substantive response to my query as to whether any German, Lithuanian,
or Polish posek issued a specific psak against Aliya. I should point
out, not in disagreement, but as a point of information, that his
grandson, Dr. Isaac Breuer zt"l maintained frequently and forcefully
that had his grandfather lived to witness the Balfour declaration, he
would have changed his course.  Regarding the recent discussions on
historical revisionism, I would like to note a good "Mar'eh Makom",
Rabbi J. J. Schachter's exhaustive treatment of the closing of Volozhin
Yeshiva (in the Journal of Torah u'Madda, I believe vol 2 no 1.), and
the withdrawl from circulation of "My Uncle the Netziv" (a pity, as it
is an excellent book. I heard that Reb Shlomo Zalman Auerbach Shlita was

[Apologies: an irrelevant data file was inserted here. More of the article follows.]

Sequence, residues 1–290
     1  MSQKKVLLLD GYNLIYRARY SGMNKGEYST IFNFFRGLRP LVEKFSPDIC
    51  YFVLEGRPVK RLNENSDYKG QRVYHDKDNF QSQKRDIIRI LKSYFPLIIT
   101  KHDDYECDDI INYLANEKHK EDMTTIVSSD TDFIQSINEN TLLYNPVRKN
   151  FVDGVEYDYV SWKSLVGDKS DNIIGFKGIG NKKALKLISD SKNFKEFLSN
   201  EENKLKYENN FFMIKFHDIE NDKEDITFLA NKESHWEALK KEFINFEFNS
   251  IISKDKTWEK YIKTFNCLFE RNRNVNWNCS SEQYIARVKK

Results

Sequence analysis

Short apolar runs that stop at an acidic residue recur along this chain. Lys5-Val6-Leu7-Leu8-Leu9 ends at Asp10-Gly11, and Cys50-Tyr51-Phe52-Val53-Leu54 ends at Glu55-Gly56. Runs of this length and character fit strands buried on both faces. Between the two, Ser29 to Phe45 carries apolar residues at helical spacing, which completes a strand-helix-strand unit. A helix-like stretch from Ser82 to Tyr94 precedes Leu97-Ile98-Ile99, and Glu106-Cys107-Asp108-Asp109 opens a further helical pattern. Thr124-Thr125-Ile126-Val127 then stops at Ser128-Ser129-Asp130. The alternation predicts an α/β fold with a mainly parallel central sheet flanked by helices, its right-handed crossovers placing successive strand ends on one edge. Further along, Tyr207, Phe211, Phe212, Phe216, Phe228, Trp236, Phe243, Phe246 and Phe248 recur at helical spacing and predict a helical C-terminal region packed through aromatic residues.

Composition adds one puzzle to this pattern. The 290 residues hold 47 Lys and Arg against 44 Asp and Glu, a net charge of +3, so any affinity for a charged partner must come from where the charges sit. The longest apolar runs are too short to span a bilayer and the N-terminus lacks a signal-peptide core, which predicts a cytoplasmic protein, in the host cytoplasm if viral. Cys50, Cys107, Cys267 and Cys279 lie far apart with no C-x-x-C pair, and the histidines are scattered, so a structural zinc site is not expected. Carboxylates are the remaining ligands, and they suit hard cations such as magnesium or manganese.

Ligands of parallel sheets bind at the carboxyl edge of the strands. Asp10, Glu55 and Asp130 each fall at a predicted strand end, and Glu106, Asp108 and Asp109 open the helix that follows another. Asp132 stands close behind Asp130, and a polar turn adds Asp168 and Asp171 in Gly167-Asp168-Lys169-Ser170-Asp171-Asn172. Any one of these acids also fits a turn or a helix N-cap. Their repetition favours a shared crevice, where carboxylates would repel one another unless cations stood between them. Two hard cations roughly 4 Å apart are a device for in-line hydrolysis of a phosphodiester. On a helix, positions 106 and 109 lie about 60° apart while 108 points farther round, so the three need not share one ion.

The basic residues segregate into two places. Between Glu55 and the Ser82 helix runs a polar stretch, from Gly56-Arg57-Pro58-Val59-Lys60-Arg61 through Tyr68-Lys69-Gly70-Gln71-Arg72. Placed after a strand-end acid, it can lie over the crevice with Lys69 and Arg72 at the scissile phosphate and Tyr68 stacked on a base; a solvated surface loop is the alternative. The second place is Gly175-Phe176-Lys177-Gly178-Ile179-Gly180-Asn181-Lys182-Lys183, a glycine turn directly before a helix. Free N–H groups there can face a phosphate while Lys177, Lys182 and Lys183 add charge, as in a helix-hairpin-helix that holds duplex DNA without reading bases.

surprised by this zealotry, noting that as kids in Yerushalayim everyone
read the original, the Torah Temima's Mekor Baruch). There is a quote
there from Rav Schwab Shlita which is particularly extraordinary. It is
interesting to note that his approach to history is consistent with his
hypothesis that Chazal "covered up" 165 years of Jewish History.  BTW,
Eli Turkel just mentioned something about Rav Hutner's deleting a
picture of Rav Kook from one of his seforim. I believe there are two
separate stories here: a) he deleted a haskama from Rav Kook (and the
Dvar Avraham's, which was on the same page) from his Toras HaNazir, and
left Reb Chaim Ozer's; b) he took down a picture of Rav Kook from his
office and replaced it with that of the Chazon Ish.


From: Freda Birnbaum <FBBIRNBA@...>
Date: Sun, 28 Nov 93 00:01 EDT
Subject: Rabbinic Authority

In m-j Vol. 10 Number 24, Hayim Hendeles adds a number of excellent
points to the discussion on rabbinic authority, and also takes issue
with what he feels is the undercurrent in several recent posts on this
subject.  It seems to me that one of the undercurrents in his own
response is that the "daas Torah" approach, as distinct from the
"modern" approach, as so ably clarified by Eitan Fiorino in a recent
post, is the ONLY possible one.  While I agree with Hayim's statement